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November 12, 2015
Electricity: What you don't know can kill you

Workplaces without electricity are virtually nonexistent. And whether it's outlets or overhead power lines, it's important for employees to have a basic understanding of electricity and the risks it poses. Misinformation can prove fatal.

The following are some myths your employees may hold about electricity that you should set them straight on ASAP:

1. Wood doesn't conduct electricity. This one isn't actually a myth — wood is, in fact, nonconductive. However, water does conduct electricity, and wood that is wet or damp can still pose a risk.

2. Rubber in boots, gloves, and tires will protect against electrical shock. This is only true to a point. Where high voltages are involved, such as those found in power lines, reliance on this myth can lead to serious injury or death.

Regular boots and gloves will not protect against the amount of power found in a typical electrical power line. And where tires are concerned, not only do they not protect against the risk of electrical shock, some tires actually conduct electricity (for example, those made with carbon-based rubber, steel belts, and reinforcements).

3. Only high voltage kills. Even low voltages, like those found in a household or an office setting, can kill given the right circumstances. Because human bodies are 70 percent water, they conduct electricity very well. Low-voltage electricity received as a sustained electric shock or at the wrong point during a heart rhythm can cause death or disability.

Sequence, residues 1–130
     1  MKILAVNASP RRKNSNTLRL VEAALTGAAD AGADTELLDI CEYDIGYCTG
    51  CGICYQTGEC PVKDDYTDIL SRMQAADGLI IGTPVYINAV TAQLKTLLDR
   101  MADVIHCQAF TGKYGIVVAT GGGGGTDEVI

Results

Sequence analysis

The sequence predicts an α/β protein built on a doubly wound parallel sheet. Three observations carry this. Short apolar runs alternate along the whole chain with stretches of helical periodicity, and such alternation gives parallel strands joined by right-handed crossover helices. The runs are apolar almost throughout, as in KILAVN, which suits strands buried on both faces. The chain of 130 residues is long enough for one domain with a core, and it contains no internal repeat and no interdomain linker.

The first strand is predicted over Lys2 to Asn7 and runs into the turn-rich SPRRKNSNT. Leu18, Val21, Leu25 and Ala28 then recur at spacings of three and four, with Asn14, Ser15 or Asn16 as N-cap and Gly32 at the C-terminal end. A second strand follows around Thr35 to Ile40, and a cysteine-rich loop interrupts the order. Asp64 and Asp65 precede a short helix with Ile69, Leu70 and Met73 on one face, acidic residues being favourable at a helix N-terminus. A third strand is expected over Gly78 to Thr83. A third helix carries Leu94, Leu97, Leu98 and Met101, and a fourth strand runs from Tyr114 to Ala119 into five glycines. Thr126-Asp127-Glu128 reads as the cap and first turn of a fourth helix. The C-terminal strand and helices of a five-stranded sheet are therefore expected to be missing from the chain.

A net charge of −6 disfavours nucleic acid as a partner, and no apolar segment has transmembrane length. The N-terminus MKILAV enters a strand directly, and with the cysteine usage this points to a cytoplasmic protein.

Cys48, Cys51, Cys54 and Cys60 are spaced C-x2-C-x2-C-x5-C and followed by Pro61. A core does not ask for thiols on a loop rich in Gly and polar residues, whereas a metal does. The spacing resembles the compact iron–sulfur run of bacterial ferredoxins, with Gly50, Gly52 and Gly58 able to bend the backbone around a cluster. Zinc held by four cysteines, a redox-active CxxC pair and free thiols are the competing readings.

4. As long as a metal ladder or other conductive object isn't touching an electrical line, it's safe. Electrical arcing can occur if a conductive object, like a metal ladder, comes near a power line — even if it doesn't actually touch the line. If a conductive object is going to be used where power lines are present, proper distances from lines must be maintained in order to ensure electrical arcing doesn't occur.

5. The third prong can be removed from a plug. The third prong of a plug should never be removed — it's a grounding prong designed to reduce the risk of shock or electrocution.

6. A downed electrical line is a dead electrical line: A downed power line should never be considered dead; even if it's momentarily dead, it can re-energize at any time. Also, employees should be instructed to maintain a safe distance from downed power lines. Soil, especially wet soil, can conduct electricity, creating a shock hazard to anyone approaching the line.

Electricity is everywhere, and we take it for granted. But not treating electricity with the respect it deserves can result in serious injuries and fatalities in the workplace.

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